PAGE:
Service of Foods within the Clark County Public, Private, and Charter Schools
This policy is established to define our authority and enforcement procedures in relation to NRS 446 as amended by Senate Bill 352, as adopted and placed in effect on 7-1-01.
The Southern Nevada Health District derives permitting and enforcement authority regarding food service from NRS 446(Nevada Revised Statutes), and general authority over sanitation, healthfulness, cleanliness and safety in schools from NRS 444.335. NRS 446, as amended by SB 352, defines a “Food Establishment” for the purposes of being subject to permitting and enforcement, as follows:
NRS 446.020 "Food establishment" defined.
Except as otherwise limited by subsection 2, “food establishment” means any place, structure, premises, vehicle or vessel, or any part thereof, in which any food intended for ultimate human consumption is manufactured or prepared by any manner or means whatever, or in which any food is sold, offered or displayed for sale or served.
The term does not include:
Private homes, unless the food prepared or manufactured in the home is sold, or offered or displayed for sale or for compensation or contractual consideration of any kind;
Fraternal or social clubhouses at which attendance is limited to members of the club;
Vehicles operated by common carriers engaged in interstate commerce;
Any establishment in which religious, charitable and other nonprofit organizations sell food occasionally to raise money or in which charitable organizations receive salvaged food in bulk quantities for free distribution unless the establishment is open on a regular basis to sell food to one member of the general public;
Any establishment where animals are slaughtered which is regulated and inspected by the state department of agriculture;
Dairy farms and plants which process milk and products of milk or frozen desserts which are regulated under chapter 584 of NRS;
The premises of a wholesale dealer of alcoholic beverages licensed under chapter 369 of NRS who handles only alcoholic beverages which are in sealed containers.
NRS 446.030 "Food Handler" defined.
“Food handler” means any person employed in or operating a food establishment, whether that person is an employer, employee or other natural person, who handles, stores, transports, prepares, manufactures, serves or sells food, or who comes in contact with eating or cooking utensils or other equipment used in the handling, preparation, manufacture, service or sale of food.
The term does not include a person who only handles, stores, transports, sells or otherwise comes in contact with food that is permanently sealed or packaged for sale directly to the consumer and who, if the food is potentially hazardous food, handles the food only occasionally or incidentally outside the normal and usual course and scope of his responsibilities or employment.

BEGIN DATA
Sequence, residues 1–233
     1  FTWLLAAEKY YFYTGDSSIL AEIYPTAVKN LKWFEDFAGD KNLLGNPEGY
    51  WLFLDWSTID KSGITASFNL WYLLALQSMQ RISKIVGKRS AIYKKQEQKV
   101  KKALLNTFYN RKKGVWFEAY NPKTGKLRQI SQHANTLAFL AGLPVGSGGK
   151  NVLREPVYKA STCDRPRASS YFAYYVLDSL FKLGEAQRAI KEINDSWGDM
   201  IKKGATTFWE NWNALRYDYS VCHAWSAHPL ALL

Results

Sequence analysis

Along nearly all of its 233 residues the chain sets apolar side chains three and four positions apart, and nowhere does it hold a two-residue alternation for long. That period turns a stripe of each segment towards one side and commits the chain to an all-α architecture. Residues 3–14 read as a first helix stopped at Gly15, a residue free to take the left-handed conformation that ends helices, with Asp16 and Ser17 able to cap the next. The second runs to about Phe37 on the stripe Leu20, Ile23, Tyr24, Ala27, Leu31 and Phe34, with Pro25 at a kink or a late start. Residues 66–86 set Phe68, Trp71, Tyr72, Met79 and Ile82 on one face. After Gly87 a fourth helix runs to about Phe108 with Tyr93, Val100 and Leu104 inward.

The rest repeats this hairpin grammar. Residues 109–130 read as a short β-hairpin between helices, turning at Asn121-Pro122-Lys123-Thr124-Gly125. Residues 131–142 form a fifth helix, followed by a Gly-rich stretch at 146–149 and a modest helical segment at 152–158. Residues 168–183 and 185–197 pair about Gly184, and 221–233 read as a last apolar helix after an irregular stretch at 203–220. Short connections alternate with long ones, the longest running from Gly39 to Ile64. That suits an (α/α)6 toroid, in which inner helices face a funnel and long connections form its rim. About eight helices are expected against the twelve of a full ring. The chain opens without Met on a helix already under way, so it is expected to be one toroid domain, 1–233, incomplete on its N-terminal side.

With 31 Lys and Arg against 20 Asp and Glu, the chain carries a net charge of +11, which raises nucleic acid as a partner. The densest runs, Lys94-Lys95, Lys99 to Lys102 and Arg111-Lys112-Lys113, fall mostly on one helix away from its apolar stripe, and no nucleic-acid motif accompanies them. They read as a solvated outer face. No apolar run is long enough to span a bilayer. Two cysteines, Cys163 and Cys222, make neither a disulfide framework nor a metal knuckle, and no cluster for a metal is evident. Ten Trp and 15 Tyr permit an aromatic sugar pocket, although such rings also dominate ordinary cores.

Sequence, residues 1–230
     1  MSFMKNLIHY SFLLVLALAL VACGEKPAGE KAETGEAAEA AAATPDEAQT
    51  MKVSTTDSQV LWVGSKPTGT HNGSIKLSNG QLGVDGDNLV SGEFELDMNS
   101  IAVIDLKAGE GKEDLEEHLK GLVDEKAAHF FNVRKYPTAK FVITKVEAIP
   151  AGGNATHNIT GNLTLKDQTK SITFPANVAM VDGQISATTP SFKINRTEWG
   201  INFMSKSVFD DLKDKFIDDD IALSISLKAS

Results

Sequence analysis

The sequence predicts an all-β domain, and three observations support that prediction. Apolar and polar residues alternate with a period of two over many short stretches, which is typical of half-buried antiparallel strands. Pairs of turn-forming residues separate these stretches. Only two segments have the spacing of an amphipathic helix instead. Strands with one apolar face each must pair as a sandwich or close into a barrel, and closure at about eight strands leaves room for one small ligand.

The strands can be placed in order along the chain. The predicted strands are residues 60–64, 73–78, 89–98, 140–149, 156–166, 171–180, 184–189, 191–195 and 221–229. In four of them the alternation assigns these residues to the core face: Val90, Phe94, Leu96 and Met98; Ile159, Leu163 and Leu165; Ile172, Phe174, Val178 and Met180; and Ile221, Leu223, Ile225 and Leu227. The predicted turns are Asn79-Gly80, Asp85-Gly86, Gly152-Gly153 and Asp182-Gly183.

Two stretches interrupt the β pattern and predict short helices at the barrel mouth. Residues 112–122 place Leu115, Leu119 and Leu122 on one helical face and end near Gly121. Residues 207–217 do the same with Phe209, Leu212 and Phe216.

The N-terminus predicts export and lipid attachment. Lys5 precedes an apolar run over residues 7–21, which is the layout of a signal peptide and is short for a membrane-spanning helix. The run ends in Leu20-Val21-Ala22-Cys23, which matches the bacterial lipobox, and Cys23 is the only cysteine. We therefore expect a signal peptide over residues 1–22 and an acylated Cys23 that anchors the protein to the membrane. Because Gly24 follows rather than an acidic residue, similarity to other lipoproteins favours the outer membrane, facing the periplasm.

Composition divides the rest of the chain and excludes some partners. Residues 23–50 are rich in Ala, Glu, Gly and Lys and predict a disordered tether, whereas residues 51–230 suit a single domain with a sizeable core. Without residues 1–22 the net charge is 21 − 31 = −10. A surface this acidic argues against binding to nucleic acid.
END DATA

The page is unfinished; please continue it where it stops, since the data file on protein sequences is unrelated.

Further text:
As used in this section, “potentially hazardous food” has the meaning ascribed to it in subpart 1-201 of the 1999 edition of the Food Code published by the Food and Drug Administration of the United States Department of Health and Human Services, unless the administrator of the health division of the department of human resources has adopted a later edition of the Food Code for this purpose.
Sec. 3. NRS 446.870 is hereby amended to read as follows:
Except as otherwise provided in this section, it is unlawful for any person to operate a food establishment unless he possesses a valid permit issued to him by the health authority.
The health authority may exempt a food establishment from the provisions of this chapter if the health authority determines that the food which is sold, offered or displayed for sale, or served at the establishment does not constitute a potential or actual hazard to the public health.
Food that is prepared in a private home and given away free of charge or consideration of any kind is exempt from the provisions of this chapter, unless it is given to a food establishment.
Except as otherwise provided in subsection 5, food that is prepared in a private home must not be sold, or offered or displayed for sale or for compensation or contractual consideration of any kind, unless the person preparing the food possesses a valid permit issued to him by the health authority for that purpose.
A religious, charitable or other nonprofit organization may, without possessing a permit from the health authority, sell food occasionally to raise money, whether or not the food was prepared in a private home, if the sale occurs on the premises of the organization. If the sale is to occur off the premises of the organization, a permit from the health authority is required unless an exemption is granted pursuant to subsection 2.”
The Southern Nevada Health District interprets the aforementioned statutes, in relation to food service activities within the Clark County schools, as follows:
All operators selling food on school grounds must have and maintain an active health permit to operate. All employees of these operators must have a valid health card as issued by the Southern Nevada Health District.
This includes, but is not limited to, the following:
Public, private, or charter school food service kitchens or serving sites, generally used for the purpose of providing regular meal service to students. This includes on campus child-care facility kitchens that regularly or routinely supply or prepare potentially-hazardous foods, including baby formula, or wash for reuse any bottles, utensils, or containers.
Student Stores, open on a regular or routine basis, that sell potentially-hazardous foods, whether or not those items are pre-packaged, or any open, non-pre-packaged food items. This includes such items as frozen burritos, hotdogs, sandwiches, nachos, dispensed drinks, ice, etc.
Home Economics, School-to-Work Programs, business education programs, or other classes or groups that sell potentially-hazardous foods, whether or not those items are pre-packaged, or any open foods, as part of their programs on a regular or routine basis. This includes such operations as “espresso cafes” (coffee only, without additives such as milk, cream, syrups, etc., is specifically exempt under NAC 446).